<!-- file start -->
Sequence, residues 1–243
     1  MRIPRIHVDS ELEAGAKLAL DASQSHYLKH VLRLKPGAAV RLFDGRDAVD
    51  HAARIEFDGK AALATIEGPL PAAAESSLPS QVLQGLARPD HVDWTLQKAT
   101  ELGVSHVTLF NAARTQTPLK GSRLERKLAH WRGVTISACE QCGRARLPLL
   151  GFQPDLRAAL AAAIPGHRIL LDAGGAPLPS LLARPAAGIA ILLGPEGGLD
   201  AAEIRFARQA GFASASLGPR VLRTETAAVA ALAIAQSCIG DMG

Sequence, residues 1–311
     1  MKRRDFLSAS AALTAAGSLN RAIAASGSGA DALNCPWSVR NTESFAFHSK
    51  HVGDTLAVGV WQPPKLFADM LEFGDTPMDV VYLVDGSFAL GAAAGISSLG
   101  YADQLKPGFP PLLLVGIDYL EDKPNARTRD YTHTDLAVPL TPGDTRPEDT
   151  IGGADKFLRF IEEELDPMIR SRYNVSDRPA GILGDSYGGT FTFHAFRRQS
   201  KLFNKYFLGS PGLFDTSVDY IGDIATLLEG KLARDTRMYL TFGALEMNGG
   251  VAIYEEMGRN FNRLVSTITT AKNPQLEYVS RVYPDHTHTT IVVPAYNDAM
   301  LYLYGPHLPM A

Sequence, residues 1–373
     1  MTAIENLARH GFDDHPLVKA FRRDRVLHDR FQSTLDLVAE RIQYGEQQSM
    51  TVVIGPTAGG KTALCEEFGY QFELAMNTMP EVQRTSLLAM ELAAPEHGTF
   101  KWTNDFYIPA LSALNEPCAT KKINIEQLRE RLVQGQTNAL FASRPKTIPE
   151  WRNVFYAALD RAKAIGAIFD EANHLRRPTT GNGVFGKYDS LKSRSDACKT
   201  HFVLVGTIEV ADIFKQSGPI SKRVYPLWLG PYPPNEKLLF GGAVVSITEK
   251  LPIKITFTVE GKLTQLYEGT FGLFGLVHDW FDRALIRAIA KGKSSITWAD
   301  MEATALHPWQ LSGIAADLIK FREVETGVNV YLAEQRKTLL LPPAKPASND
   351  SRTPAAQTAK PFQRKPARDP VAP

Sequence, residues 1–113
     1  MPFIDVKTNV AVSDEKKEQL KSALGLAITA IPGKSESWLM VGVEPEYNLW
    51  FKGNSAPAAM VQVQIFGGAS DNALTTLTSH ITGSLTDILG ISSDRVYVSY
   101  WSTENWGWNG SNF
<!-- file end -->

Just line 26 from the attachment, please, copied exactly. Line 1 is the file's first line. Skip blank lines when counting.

    51  FKGNSAPAAM VQVQIFGGAS DNALTTLTSH ITGSLTDILG ISSDRVYVSY